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San Francisco 49ers

From Academic Kids

Template:NFL team The San Francisco 49ers are a National Football League team that plays in San Francisco, California. They tie the Dallas Cowboys with the record for most Super Bowl victories (5). The team's headquarters and practice facility are located in Santa Clara, California.

Founded: 1946, as part of the All-America Football Conference; joined the NFL in 1950 as part of the league merger.
Home field: Monster Park (1971 - present) (formerly named Candlestick Park (1959-1995), 3Com Park (1995-2002), San Francisco Stadium at Candlestick Point (2002-2004))
Previous home field: Kezar Stadium (1946 - 1970).
Ownership: Denise DeBartolo York, John York, The DeBartolo Corporation
General Manager: Scot McCloughan (2005-), officially "VP of Player Personnel"
Head coach: Mike Nolan (2005-)
Uniform colors: Cardinal Red and 49ers Gold, Black trim. Home uniforms: Gold pants and red jerseys. Road uniforms: Gold pants and white jerseys.
Helmet design: Metallic Gold helmet with intertwined "SF" in white on red oval with gold and black trim. Black-red-black helmet striping. Red facemask.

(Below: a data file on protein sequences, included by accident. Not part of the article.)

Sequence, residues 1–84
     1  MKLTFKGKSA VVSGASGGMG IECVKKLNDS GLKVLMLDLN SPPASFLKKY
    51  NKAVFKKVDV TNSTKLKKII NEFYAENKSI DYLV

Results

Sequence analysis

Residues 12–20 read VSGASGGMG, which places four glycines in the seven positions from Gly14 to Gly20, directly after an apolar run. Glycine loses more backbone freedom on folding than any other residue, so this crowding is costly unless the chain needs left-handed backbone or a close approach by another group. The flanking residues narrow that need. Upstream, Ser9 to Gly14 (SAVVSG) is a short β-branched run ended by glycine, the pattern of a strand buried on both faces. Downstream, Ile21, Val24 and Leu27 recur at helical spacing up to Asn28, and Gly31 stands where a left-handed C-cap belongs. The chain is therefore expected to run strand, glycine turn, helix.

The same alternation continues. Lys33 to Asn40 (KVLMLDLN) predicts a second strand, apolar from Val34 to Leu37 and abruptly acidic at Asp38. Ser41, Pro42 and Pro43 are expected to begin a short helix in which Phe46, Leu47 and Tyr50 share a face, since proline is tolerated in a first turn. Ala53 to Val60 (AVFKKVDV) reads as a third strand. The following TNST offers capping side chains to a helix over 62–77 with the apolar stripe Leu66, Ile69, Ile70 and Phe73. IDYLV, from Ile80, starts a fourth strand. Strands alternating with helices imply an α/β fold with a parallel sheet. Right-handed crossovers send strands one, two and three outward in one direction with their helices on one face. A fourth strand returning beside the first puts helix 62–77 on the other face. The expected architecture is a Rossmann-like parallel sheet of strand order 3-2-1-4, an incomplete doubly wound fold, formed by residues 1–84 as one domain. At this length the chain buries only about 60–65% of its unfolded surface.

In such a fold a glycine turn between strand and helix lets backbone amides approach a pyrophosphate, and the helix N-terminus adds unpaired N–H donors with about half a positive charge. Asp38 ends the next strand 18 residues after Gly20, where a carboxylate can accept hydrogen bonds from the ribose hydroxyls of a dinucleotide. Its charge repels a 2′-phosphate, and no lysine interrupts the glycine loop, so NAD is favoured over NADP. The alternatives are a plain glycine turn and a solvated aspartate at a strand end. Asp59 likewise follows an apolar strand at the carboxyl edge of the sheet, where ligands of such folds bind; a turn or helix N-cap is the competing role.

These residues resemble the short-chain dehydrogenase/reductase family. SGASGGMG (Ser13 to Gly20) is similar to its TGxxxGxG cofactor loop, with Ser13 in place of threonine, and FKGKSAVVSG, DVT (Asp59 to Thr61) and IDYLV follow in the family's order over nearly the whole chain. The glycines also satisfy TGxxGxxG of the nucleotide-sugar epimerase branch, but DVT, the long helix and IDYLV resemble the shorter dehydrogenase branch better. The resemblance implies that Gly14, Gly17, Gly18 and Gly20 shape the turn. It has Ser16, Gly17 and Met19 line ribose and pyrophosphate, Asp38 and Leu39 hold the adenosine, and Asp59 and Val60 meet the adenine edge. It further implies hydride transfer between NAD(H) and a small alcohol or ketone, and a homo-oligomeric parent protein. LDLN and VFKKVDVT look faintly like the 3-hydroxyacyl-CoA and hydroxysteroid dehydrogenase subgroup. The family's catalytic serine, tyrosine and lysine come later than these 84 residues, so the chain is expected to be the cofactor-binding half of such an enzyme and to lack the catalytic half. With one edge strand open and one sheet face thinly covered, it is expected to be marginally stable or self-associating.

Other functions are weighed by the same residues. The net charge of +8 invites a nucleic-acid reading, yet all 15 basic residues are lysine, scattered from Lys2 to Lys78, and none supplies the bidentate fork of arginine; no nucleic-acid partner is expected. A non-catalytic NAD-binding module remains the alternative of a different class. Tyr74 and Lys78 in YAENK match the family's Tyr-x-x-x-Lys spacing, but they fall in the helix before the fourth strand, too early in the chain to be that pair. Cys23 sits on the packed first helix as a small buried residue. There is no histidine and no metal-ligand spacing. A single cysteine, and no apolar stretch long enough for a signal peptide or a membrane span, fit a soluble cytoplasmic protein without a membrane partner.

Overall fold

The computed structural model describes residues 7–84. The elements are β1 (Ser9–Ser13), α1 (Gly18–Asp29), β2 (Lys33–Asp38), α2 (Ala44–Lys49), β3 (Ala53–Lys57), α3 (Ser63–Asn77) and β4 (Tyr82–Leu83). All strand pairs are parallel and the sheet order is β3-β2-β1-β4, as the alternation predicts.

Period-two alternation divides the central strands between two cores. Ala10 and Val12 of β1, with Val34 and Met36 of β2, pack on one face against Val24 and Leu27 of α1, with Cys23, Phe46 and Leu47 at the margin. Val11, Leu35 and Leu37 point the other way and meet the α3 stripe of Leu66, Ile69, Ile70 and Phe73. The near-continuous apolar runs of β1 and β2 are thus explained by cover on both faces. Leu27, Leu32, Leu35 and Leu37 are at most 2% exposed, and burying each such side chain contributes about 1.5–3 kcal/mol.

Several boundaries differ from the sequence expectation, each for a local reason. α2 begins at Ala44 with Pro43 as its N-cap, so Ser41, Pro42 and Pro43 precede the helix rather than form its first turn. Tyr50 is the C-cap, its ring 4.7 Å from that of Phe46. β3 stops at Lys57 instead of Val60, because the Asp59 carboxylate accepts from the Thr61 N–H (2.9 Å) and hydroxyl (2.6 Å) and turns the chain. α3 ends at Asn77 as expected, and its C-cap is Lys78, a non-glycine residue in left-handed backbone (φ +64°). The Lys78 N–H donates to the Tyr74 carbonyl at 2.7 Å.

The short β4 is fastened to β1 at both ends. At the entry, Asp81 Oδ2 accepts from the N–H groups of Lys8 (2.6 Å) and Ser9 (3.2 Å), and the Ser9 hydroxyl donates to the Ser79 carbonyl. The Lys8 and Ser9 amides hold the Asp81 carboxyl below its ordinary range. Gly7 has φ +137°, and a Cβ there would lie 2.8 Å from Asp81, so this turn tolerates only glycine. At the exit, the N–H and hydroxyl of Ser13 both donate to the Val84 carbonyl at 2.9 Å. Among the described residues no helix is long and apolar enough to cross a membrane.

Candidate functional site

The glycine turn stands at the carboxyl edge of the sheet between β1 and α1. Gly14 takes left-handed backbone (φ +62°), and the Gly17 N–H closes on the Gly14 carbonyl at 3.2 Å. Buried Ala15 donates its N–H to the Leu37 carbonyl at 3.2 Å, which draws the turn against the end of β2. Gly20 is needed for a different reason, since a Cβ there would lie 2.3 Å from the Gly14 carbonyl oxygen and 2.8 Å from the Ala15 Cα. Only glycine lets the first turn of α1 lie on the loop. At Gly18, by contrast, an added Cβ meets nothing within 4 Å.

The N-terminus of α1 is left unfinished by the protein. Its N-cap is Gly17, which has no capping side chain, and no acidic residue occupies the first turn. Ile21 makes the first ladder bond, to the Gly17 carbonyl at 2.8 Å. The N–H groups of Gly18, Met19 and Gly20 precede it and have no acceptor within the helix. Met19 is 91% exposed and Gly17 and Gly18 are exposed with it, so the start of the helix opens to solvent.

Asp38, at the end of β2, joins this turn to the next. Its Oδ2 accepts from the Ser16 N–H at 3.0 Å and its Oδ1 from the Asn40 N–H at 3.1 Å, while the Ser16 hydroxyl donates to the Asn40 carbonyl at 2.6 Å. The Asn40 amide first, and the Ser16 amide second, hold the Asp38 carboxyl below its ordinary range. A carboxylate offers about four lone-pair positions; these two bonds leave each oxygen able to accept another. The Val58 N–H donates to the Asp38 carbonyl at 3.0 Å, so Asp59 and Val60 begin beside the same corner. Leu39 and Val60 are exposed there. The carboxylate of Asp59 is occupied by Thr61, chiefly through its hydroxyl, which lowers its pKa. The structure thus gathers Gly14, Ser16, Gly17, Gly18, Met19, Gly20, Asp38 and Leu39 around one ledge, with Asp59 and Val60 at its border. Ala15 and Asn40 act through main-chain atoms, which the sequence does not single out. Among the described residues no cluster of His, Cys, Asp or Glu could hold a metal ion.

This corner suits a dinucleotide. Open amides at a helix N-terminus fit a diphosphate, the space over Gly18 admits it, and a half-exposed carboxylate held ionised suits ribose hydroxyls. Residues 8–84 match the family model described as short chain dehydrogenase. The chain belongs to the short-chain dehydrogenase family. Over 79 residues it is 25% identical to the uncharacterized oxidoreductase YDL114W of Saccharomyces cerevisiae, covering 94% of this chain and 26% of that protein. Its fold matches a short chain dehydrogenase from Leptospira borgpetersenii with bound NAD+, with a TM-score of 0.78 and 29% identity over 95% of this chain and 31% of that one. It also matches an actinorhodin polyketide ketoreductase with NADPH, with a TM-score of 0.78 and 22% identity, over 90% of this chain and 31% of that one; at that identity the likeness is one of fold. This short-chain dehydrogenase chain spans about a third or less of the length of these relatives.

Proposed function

League championships won: Super Bowls XVI, XIX, XXIII, XXIV, XXIX. Have never lost a Super Bowl. Team with the most Super Bowl wins without a loss.
Contents

Franchise history

The San Francisco 49ers have the distinction of being the first major-league professional sports franchise on the West Coast. The 49ers entered professional football in 1946 and matured, nationally and locally, when the club was granted a National League franchise in 1950.

The team earned its name from the surge of goldminers to the San Francisco area during 1849, thus the nickname the San Francisco 49ers. It is the only name the team has been affiliated with and San Francisco is the only city in which it has resided.

The 49ers won five Super Bowls, four in the 1980s, and are considered The Team of the Eighties (the team had never won an NFL or Super Bowl championship prior, and had never even won a division title until 1970). They won XVI, XIX, XXIII, XXIV, and XXIX. During that decade, the team neglected to make the playoffs only twice — in 1980, and again in the strike-shortened 1982 season which saw them go 0-5 at home and 3-1 on the road — the only time in NFL history that a team went winless at home while winning more than half its away games in the same season.